Archive for Friday, October 9, 2015

City council debates additional public comment at meetings

October 9, 2015

A citizen’s suggestion to change a policy in City Council meetings to allow additional public comment saw mixed reactions from the Shawnee City Council.

Last month, Ray Erlichman suggested a change to the policy regarding public statement at City Council meetings. Erlichman requested that a change be made to PS-7 that would read: “During that portion of the city council meeting known as ‘Miscellaneous Council items,’ the public may comment on any item that is brought forth by a member of the governing body.”

The change would allow for public comment outside of the allotted time given in the “Items from the Floor” agenda item where members of the public can address any topics not on that night's agenda.

Miscellaneous Council Items is an agenda item at the end of each City Council meeting that allows for council members to address various topics. Many times, council members take that opportunity to thank various groups or city departments for work on public events and other things. Occasionally, council members have brought up issues that they would like to see discussed at a future City Council meeting or investigated by city staff. There have also been occasions where council members have taken the opportunity to touch on an agenda item that had already been voted on.

Erlichman said that allowing public comment during that agenda item would give people the opportunity to provide additional feedback on city matters.

“I think the interaction is very important during that period of the Council meeting,” Erlichman said. “That’s what I am suggesting so that we can keep open government and transparency, interactive, participatory democracy.”

The council considered Erlichman’s proposal Tuesday and voted 5-3 in favor of advancing the change in the policy statement to a council vote, which will be held at a future council meeting. Jim Neighbor, Jeff Vaught and Mickey Sandifer voted against the proposal.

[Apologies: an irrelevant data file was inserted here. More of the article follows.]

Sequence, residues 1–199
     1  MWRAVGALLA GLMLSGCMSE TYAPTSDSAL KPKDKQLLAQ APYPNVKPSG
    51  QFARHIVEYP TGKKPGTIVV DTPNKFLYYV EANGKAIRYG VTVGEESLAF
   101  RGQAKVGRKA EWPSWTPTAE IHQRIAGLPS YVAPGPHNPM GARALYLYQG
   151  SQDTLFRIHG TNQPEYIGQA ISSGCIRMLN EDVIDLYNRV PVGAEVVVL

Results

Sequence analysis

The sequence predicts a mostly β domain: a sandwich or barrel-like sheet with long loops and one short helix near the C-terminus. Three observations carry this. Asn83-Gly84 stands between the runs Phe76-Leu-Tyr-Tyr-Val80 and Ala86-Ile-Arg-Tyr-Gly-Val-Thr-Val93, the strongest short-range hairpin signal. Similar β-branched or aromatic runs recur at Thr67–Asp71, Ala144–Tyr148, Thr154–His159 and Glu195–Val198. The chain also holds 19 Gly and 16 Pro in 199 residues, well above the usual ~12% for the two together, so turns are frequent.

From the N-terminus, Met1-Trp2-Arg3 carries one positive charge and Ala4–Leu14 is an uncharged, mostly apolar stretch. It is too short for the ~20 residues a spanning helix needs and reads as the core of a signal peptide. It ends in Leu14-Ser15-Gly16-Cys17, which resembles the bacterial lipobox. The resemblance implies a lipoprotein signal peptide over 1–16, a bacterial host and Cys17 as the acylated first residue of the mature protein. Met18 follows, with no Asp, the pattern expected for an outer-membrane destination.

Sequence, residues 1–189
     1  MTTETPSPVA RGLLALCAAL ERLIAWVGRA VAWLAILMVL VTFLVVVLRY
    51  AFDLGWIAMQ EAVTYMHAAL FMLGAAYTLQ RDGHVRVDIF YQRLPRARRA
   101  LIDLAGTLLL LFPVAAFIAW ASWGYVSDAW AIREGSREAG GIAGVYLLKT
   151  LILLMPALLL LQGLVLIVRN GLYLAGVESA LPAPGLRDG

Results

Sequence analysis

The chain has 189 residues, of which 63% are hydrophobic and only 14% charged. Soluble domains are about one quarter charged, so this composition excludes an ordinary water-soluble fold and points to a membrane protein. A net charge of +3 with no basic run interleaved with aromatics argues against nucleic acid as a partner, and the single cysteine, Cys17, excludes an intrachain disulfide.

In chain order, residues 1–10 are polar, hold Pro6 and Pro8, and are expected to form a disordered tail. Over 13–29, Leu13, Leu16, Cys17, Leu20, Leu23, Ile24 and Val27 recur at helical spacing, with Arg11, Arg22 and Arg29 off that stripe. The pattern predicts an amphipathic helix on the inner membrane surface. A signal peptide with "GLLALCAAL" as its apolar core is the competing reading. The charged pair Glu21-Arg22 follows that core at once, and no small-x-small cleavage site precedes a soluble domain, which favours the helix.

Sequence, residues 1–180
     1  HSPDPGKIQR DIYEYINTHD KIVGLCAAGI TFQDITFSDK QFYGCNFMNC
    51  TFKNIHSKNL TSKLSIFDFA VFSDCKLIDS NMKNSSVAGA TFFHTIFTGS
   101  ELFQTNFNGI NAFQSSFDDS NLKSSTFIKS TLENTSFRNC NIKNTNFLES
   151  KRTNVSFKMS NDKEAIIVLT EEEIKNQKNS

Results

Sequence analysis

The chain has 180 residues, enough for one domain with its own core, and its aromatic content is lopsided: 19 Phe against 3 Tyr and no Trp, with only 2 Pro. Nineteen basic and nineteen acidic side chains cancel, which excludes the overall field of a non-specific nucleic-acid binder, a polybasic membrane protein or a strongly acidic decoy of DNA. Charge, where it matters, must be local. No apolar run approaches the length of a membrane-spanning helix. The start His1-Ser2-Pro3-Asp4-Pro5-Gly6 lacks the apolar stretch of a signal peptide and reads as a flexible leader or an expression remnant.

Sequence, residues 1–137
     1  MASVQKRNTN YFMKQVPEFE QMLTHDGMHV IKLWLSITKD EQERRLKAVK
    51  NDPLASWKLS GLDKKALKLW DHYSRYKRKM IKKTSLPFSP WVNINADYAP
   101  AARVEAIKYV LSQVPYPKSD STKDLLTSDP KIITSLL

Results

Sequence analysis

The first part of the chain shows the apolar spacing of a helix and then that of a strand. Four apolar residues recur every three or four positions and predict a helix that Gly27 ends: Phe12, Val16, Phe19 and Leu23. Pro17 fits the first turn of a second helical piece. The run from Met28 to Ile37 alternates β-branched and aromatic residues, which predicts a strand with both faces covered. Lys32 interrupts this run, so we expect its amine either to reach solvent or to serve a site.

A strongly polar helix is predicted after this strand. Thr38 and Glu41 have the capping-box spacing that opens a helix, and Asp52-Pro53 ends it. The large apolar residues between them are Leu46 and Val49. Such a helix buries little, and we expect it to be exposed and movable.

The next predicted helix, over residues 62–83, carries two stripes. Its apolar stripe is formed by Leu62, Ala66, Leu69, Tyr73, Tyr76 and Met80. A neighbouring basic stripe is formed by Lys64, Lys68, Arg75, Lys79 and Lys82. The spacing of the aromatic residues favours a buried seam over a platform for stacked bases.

Proponents for the change like Council Member Dan Pflumm said that the change would do no harm and that people should always feel welcome to share their thoughts on city matters at an open public meeting.

“We’re here for the public, and if the public wants to discuss one of the items that we’re discussing up here, I’m all for public comment,” Pflumm said.

Council Member Eric Jenkins said that engaging in conversation and hearing ideas from the public is a necessary aspect of council members roles.

“I know we sure need it sometimes,” Jenkins said.

Meyer said she could see the value of allowing the change as well.

“I have seen instances where members of the council have sort of said something directed at someone who spoke earlier and then they don’t get an opportunity to respond to that,” Meyer said.

Opponents of the change said that allowing public comment during the council’s miscellaneous items opens up the opportunity for debate on issues that should be debated at other times. Sandifer said he was against the change because he didn’t feel a change was necessary. He argued that the council doesn’t stop people from talking at various points throughout meetings.

Vaught said that allowing public comment outside of the allotted public comment time could create unwanted debates and conflicts. He said there are plenty of other opportunities at various council meetings for public comment on any issue.

“I think we’re encouraging it to turn it into a conversation, which isn’t good because then we turn it into a conversation about something that’s not on the agenda,” Vaught said. “I just don't want to make a comment and have somebody get up and turn it into a debate against me at the end of a meeting."

The city’s current policy statement regarding debating the public states that “members of the Governing Body are discouraged from engaging in debate with a member of the public at Council or Council Committee meetings. The purpose of public comment is for Council Members to receive input or information from the public.”

Neighbor said that the decision to allow public comment at the end of meetings should be left to the mayor or the chairman of the meeting and that changing the policy statement isn’t necessary. He said he worried that allowing comments at the end of meetings would create “tit for tat” debates that are “counterproductive.”

Erlichman said the point of his suggestion was not to create an arena for debate, but to foster more open communication between the public and the governing body.

“I see nothing wrong with a citizen coming up, not to debate or argue, but to offer additional information,” Erlichman said.


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